Table 1: From Exoteric Thesis to Esoteric thesis and return
Exoteric Thesis <-> Esoteric Thesis*
1 ->Exoteric Research Question – immersion** in the professional field within which research is being conducted
2 ->Research Actions -> Research and Learning Observations
3 -> Learning Observations -> Learning Insights [epiphany’s, ah has, ah that’s, what it means for me to be interested in this particular research question at this particular moment in this particular way] -> exoteric thesis – incubation**
4 Learning Insights -> Deep Reflections, pattern identification and potentials for deeper understanding of the researcher and the research task [eg. see Table 2b]
5 -> Esoteric thesis and ‘rationale’ for the actual research question – illumination** - self-realisation and a modified internal frame of reference
6 -> exoteric thesis – explication**
7 -> Application of exoteric thesis having cognizance of all the above steps – creative synthesis ** hopefully of exoteric and esoteric theses in the lived life of the researcher
8 -> Revisit Research Question and know its meaning for the first time -> 1
We shall not cease from exploration
and the end of all our exploring
will be to arrive where we started
and know the place for the first time.
Through the unknown, remembered gate
when the last of earth left to discover
is that which was the beginning
T S Elliot
*Can be codified in a methodology such as Reflective Praxis
** Italics indicate the steps in Heuristic Inquiry
Quadruple Column Action Research (QCAR)
One way of integrating the esoteric and exoteric theses is via Quadruple Column Action Research (QCAR). Although not applicable in all research projects, QCAR does illustrate how conventional exoteric methodology can be expanded to include an esoteric dimension. In QCAR, the conventional two-column (Observations and Reflections) action learning field journal is expanded to include an additional two columns: Learning Insights and Deep Reflections (patterns). The QCAR format is illustrated in Table 1. One method of transforming the data generated in these extra columns into esoteric learnings is through Reflective Praxis. This Transformation is in effect another journey of understanding as the researcher searches for meta meaning in the research data.
Table 2: Quadruple Column Action Research – the QCAR process
(1) Field Work:
(2) (Learning) Observations
(3) Learning Insights
(4) Deep Reflections and pattern identification
Source: P Wildman 2001
Reflective Praxis is a process in which an extended period of professional experience (often a decade or so) engages with a process of action-based research and reflection that includes inner review and reflection, application of learning insights thus obtained and their creative synthesis into the final dissertation. Reflective Praxis can, to some degree, operate as a methodology for a conventional exoteric thesis. However, with the inclusion of a method of deep reflection and pattern identification (for instance, Heuristic Inquiry), it can also be a method for the esoteric thesis (Wildman, 1995). The QCAR process forms a triple-loop learning opportunity, in which the reflective praxis of column 4 then enables the combining of Action Research with Heuristic Inquiry. 
Further, engaged research such as empirical research, action research and phenomenology can provide a ready source of material for the esoteric thesis. Critical, postmodern and in some instances hermeneutic research, however, may well need a separate, though related, esoteric effort.
Through the deep reflections of column 4, above, the esoteric thesis seeks to transcend the pseudo-objectivity which enthrals so much of our academic world. In research and essays, this pseudo-objectivity is typified in the banishing of the subjective, and the adoption of the stance of passive observers recording pure fact. One of the most important things about the esoteric thesis is that it allows the subjective: it breaks through the useful yet limiting concept of objectivity. In this way the esoteric thesis promotes a new kind of academic honesty, integrity and reinstates the subjective.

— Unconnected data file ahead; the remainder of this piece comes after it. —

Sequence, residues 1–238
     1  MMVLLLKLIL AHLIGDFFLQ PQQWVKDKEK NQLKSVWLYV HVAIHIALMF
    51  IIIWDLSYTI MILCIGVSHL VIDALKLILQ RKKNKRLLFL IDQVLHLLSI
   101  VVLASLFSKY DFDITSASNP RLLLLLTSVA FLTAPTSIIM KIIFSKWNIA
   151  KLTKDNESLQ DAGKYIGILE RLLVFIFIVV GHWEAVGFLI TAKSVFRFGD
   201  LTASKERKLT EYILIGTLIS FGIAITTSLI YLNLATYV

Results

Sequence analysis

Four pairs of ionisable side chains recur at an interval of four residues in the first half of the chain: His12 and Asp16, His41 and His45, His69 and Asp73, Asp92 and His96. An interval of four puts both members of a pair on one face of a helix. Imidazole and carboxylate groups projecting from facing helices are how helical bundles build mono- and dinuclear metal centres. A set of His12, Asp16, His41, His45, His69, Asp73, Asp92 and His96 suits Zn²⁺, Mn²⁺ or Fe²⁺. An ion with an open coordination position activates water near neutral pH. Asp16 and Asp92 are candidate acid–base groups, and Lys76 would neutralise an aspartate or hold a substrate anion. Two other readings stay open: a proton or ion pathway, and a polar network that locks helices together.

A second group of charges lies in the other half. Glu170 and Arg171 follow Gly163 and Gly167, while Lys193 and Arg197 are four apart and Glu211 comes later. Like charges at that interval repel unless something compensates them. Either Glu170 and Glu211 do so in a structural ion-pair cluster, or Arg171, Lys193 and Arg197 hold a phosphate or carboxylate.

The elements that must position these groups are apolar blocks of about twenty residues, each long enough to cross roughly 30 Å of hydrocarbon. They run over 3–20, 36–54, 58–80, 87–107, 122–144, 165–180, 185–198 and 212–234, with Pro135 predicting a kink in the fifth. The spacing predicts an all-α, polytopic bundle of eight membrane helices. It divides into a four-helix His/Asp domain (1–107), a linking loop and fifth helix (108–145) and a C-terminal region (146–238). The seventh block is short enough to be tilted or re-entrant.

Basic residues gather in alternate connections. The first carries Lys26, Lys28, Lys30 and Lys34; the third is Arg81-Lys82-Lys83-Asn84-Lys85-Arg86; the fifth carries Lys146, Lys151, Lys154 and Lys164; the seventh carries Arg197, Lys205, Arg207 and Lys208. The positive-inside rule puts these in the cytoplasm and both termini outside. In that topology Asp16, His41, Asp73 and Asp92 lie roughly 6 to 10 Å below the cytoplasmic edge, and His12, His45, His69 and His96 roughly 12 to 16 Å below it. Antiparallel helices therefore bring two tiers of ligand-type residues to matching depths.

The Esoteric Thesis and Academic Integrity
The investigations of the esoteric thesis can, in turn, flow into how we understand ‘academic endevour’. Some academic approaches can tend to concentrate on ‘thought experiments’, ultimately leading to somewhat detached ‘fence-sitting’ positions. This may effectively distance an academic approach from enactments of the implicit value position. Such ambivalence, although necessary for objectivity and exoteric theory development, can tend to exclude other ways of knowing. In action research, for example, it can lead to a certain reluctance to explore and enact the personal and collective compliance implications of taking such a theoretical position.
The esoteric thesis, then, stands in fundamental challenge to the all-too-frequent mantra of ‘just do your dissertation according to the conventional formula and then you can do what you want.’ This article is indeed one response to this suggestion. One may well be excused for asking: ‘How can one know what one wants without undertaking some deep learnings such as the esoteric thesis can provide?’. The esoteric thesis responds to this question by seeking ways to touch and understand the ground on which we stand, while explicating our research question and thereby taking various research positions.
There are of course differing viewpoints. Some streams of critical theory including much postmodernism and some forms of hermeneutics would be deeply suspicious, even hostile, to the concept of an esoteric thesis, while not necessarily being hostile to intentionality in a genealogical sense. Clearly, post-structuralism can view systems of layered meaning and causes such as the esoteric thesis or indeed causes in general as even a ‘malicious falsity’ indicative of a belief in dangerous utopias. Such a position, however, would reject the multitude of layers and levels, instead seeing each one solely in horizontal epistemological space and not in any deeper sense, or would assert that depth is arbitrary and understood only genealogically and not structurally, as the esoteric thesis seeks to.